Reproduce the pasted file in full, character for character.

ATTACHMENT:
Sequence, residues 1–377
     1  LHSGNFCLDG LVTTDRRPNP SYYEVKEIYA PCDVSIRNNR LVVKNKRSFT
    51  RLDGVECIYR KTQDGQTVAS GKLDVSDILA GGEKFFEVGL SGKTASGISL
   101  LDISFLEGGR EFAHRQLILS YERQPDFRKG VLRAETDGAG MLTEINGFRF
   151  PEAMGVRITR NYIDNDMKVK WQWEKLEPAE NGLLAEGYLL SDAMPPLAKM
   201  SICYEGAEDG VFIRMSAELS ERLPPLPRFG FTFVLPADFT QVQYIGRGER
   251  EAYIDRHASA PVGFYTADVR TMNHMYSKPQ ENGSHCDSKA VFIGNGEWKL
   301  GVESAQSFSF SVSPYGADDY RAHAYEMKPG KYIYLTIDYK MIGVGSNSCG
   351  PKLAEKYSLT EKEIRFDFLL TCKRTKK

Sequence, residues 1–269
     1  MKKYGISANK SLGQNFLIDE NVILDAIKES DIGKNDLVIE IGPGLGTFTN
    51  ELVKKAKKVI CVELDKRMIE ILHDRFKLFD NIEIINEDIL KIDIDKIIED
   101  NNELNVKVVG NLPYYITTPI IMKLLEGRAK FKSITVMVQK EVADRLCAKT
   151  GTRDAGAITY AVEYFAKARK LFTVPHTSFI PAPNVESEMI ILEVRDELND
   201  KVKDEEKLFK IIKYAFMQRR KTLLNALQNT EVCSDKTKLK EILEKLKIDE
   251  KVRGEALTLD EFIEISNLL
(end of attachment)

Sequence, residues 1–377
     1  LHSGNFCLDG LVTTDRRPNP SYYEVKEIYA PCDVSIRNNR LVVKNKRSFT
    51  RLDGVECIYR KTQDGQTVAS GKLDVSDILA GGEKFFEVGL SGKTASGISL
   101  LDISFLEGGR EFAHRQLILS YERQPDFRKG VLRAETDGAG MLTEINGFRF
   151  PEAMGVRITR NYIDNDMKVK WQWEKLEPAE NGLLAEGYLL SDAMPPLAKM
   201  SICYEGAEDG VFIRMSAELS ERLPPLPRFG FTFVLPADFT QVQYIGRGER
   251  EAYIDRHASA PVGFYTADVR TMNHMYSKPQ ENGSHCDSKA VFIGNGEWKL
   301  GVESAQSFSF SVSPYGADDY RAHAYEMKPG KYIYLTIDYK MIGVGSNSCG
   351  PKLAEKYSLT EKEIRFDFLL TCKRTKK

Sequence, residues 1–269
     1  MKKYGISANK SLGQNFLIDE NVILDAIKES DIGKNDLVIE IGPGLGTFTN
    51  ELVKKAKKVI CVELDKRMIE ILHDRFKLFD NIEIINEDIL KIDIDKIIED
   101  NNELNVKVVG NLPYYITTPI IMKLLEGRAK FKSITVMVQK EVADRLCAKT
   151  GTRDAGAITY AVEYFAKARK LFTVPHTSFI PAPNVESEMI ILEVRDELND
   201  KVKDEEKLFK IIKYAFMQRR KTLLNALQNT EVCSDKTKLK EILEKLKIDE
   251  KVRGEALTLD EFIEISNLL